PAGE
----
Gaseous Detonations: Their nature, effects and control by M.A. NettletonGaseous Detonations: Their nature, effects and control by M.A. Nettleton

Gaseous Detonations: Their nature, effects and control

byM.A. Nettleton

Paperback | September 26, 2011

Pricing and Purchase Info

$388.95

Earn 1,945 plum® points

Prices and offers may vary in store

Quantity:

In stock online

Ships free on orders over $25

Not available in stores

about

My introduction to the fascinating phenomena associated with detonation waves came through appointments as an external fellow at the Department of Physics, University College of Wales, and at the Department of Mechanical Engineering, University of Leeds. Very special thanks for his accurate guidance through the large body of information on gaseous detonations are due to Professor D. H. Edwards of University College of Wales. Indeed, the onerous task of concisely enumerating the key features of unidimensional theories of detonations was undertaken by him, and Chapter 2 is based on his initial draft. When the text strays to the use of we, it is a deserved acknow­ ledgement of his contribution. Again, I should like to thank Professor D. Bradley of Leeds University for his enthusiastic encouragement of my efforts at developing a model of the composition limits of detonability through a relationship between run-up distance and composition of the mixture. The text has been prepared in the context of these fellowships, and I am grateful to the Central Electricity Generating Board for its permission to accept these appointments.
Title:Gaseous Detonations: Their nature, effects and controlFormat:PaperbackPublished:September 26, 2011Publisher:Springer NetherlandsLanguage:English

The following ISBNs are associated with this title:

ISBN - 10:9401079153

ISBN - 13:9789401079150

Look for similar items by category:

Reviews

Table of Contents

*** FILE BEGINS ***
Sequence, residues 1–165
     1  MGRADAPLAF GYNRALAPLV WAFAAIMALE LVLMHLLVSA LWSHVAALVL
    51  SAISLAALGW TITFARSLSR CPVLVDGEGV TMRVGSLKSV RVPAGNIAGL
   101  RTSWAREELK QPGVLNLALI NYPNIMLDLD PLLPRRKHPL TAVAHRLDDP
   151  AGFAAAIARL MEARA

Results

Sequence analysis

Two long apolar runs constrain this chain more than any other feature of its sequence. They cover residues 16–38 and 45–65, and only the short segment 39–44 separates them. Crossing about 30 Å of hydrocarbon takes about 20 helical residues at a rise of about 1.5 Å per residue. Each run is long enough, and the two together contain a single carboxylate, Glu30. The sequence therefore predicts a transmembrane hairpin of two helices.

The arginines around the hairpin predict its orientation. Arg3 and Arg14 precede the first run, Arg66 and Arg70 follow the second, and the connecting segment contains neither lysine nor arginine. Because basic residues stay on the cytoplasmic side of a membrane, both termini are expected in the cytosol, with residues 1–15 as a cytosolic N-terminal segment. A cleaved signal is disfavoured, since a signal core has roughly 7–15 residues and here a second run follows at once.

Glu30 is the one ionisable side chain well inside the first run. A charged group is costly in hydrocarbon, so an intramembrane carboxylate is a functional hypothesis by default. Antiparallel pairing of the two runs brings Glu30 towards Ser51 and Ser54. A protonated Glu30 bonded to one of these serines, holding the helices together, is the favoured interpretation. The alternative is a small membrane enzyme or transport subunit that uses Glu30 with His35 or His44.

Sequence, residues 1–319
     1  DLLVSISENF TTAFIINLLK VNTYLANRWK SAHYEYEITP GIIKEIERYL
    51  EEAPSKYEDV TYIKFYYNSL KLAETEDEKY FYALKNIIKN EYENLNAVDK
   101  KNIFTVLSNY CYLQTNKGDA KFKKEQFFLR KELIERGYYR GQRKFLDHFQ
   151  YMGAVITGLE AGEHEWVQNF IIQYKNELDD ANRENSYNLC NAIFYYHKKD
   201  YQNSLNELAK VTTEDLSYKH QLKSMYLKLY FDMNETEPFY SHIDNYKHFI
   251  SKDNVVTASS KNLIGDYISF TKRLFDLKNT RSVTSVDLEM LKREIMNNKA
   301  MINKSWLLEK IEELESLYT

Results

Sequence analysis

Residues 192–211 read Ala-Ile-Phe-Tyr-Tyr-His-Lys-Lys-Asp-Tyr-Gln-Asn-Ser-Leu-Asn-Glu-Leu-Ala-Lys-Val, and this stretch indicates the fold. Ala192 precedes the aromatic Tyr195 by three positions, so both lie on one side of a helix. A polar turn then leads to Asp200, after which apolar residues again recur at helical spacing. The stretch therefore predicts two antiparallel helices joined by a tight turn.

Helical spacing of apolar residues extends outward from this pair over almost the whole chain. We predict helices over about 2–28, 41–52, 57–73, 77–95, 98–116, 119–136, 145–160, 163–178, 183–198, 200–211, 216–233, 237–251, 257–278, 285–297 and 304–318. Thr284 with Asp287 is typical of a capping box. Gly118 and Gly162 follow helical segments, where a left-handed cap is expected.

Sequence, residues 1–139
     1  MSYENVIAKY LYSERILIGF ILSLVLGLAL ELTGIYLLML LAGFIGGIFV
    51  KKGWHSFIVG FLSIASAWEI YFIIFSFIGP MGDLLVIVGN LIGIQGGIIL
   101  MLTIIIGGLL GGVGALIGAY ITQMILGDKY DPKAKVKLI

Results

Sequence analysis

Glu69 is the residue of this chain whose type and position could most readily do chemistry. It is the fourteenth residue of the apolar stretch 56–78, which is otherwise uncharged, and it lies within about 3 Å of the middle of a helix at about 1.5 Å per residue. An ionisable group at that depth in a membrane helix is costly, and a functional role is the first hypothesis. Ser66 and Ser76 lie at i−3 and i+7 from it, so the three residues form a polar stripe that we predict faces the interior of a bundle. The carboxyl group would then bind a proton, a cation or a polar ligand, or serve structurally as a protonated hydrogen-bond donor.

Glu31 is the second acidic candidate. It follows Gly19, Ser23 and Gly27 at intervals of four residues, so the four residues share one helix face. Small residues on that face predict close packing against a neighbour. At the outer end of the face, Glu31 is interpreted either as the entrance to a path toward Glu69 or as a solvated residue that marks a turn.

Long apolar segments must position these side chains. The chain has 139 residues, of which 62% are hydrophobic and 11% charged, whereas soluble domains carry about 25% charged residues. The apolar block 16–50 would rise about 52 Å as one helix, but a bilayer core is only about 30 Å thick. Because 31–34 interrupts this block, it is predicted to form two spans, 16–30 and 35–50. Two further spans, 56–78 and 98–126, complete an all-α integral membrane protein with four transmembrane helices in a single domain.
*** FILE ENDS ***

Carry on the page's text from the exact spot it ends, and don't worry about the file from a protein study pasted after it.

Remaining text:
1 Introduction.- 1.1 General remarks.- 1.2 Definitions of commonly-used terms.- 1.3 Unidimensional models of detonations.- 1.4 Structure of a detonation wave.- 1.5 Philosophy of presentation.- 2 Unidimensional models.- 2.1 Introductory remarks.- 2.2 Properties of unidimensional shock waves.- 2.3 Properties of unidimensional shock waves with energy addition.- 2.4 Properties of the Chapman-Jouguet state.- 2.5 Comparison of C-J predictions and experiment.- 2.6 The Zel'dovich, von Neumann, Doring model.- 2.7 Comparison of the ZND model and experiment.- 2.8 The Taylor expansion wave.- 2.9 Concluding remarks.- 3 Structure of detonation fronts.- 3.1 General remarks.- 3.2 'Spinning' detonation fronts.- 3.3 'Galloping' fronts.- 3.4 Experimental studies of multi-headed fronts.- 3.5 Theoretical treatments of multi-headed fronts.- 3.6 Concluding remarks.- 4 Detonable media.- 4.1 General remarks.- 4.2 Confined and unconfined detonations.- 4.3 Gases and vapours which are detonable in the absence of an oxidant.- 4.4 Comparison of detonation limits for confined and unconfined detonations with flammability limits for mixtures of hydrocarbons with oxygen and air.- 4.5 Homology hypothesis for predicting detonation limits.- 4.6 Detonations with oxidants other than oxygen.- 4.7 Influence of initial pressure and temperature on detonability.- 4.8 Influence of additives on detonability.- 4.9 Detonations in suspensions of dusts and droplet mists in oxidizing atmospheres.- 5 Initiation of a detonation wave.- 5.1 General remarks.- 5.2 Initiation of confined detonations by shock waves.- 5.3 Initiation by blast waves from electrical and laser sparks and charges of conventional explosives.- 5.4 Detonations in large unconfined clouds of vapour.- 5.5 Minimum ignition energies.- 5.6 Laminar burning velocities.- 5.7 Expansion ratios.- 5.8 Detonations arising from accelerating flames.- 5.9 Influence of initial temperature and pressure of the medium on run-up distances.- 5.10 Influence of diameter of pipeline on run-up distances.- 5.11 Effect of additives on pre-detonation distances.- 5.12 Effects of surface roughness and obstacles on the acceleration of confined flames.- 5.13 Pressure piling (cascading).- 5.14 Concluding remarks.- 6 Interaction of a detonation with confinement.- 6.1 Introductory remarks.- 6.2 Diffraction at an isolated wall, ?w <_20_90c2b0_3b_20_standard20_two-20_and20_three-shock20_theory20_for20_non-reactive20_media20_and20_the20_effects20_of20_reaction.-20_6.520_normal20_reflection20_of20_a20_detonation20_wave.-20_6.620_transmission20_of20_a20_planar20_detonation20_wave20_through20_an20_abrupt20_expansion20_in20_area.-20_6.720_propagation20_of20_detonations20_through20_bends20_and20_junctions.-20_6.820_interaction20_of20_a20_detonation20_with20_an20_inert20_surrounding20_gas.-20_6.920_refraction20_of20_detonations20_in20_mixtures20_of20_different20_composition.-20_6.1020_concluding20_remarks.-20_720_damage20_caused20_by20_detonations.-20_7.120_introduction.-20_7.220_early20_experiments20_on20_effective20_pressures20_generated20_by20_detonations.-20_7.320_damage20_produced20_by20_detonations20_in20_chemical20_plant.-20_7.420_experimental20_studies20_of20_failure20_resulting20_from20_detonations.-20_7.520_concluding20_remarks.-20_820_prevention20_and20_mitigation20_of20_detonations.-20_8.120_introductory20_remarks.-20_8.220_inhibition20_of20_flames20_of20_normal20_burning20_velocity.-20_8.320_venting20_in20_the20_early20_stages20_of20_an20_explosion.-20_8.420_quenching20_of20_flame-shock20_complexes.-20_8.520_suppression20_of20_detonations.-20_8.620_mitigating20_the20_effects20_of20_detonations.-20_8.720_concluding20_remarks.-20_920_concluding20_recommendations.-20_9.120_introductory20_remarks.-20_9.220_stress20_waves20_in20_confining20_walls.-20_9.320_planned20_deformations20_as20_safety20_measures.-20_9.420_designing20_to20_minimize20_the20_effects20_of20_local20_peaks20_in20_pressure.-20_9.520_suggestions20_for20_further20_studies20_of20_detonations.-20_references.-20_author20_index. _90c2b0_3b_="" standard="" two-="" and="" three-shock="" theory="" for="" non-reactive="" media="" the="" effects="" of="" reaction.-="" 6.5="" normal="" reflection="" a="" detonation="" wave.-="" 6.6="" transmission="" planar="" wave="" through="" an="" abrupt="" expansion="" in="" area.-="" 6.7="" propagation="" detonations="" bends="" junctions.-="" 6.8="" interaction="" with="" inert="" surrounding="" gas.-="" 6.9="" refraction="" mixtures="" different="" composition.-="" 6.10="" concluding="" remarks.-="" 7="" damage="" caused="" by="" detonations.-="" 7.1="" introduction.-="" 7.2="" early="" experiments="" on="" effective="" pressures="" generated="" 7.3="" produced="" chemical="" plant.-="" 7.4="" experimental="" studies="" failure="" resulting="" from="" 7.5="" 8="" prevention="" mitigation="" 8.1="" introductory="" 8.2="" inhibition="" flames="" burning="" velocity.-="" 8.3="" venting="" stages="" explosion.-="" 8.4="" quenching="" flame-shock="" complexes.-="" 8.5="" suppression="" 8.6="" mitigating="" 8.7="" 9="" recommendations.-="" 9.1="" 9.2="" stress="" waves="" confining="" walls.-="" 9.3="" planned="" deformations="" as="" safety="" measures.-="" 9.4="" designing="" to="" minimize="" local="" peaks="" pressure.-="" 9.5="" suggestions="" further="" references.-="" author="">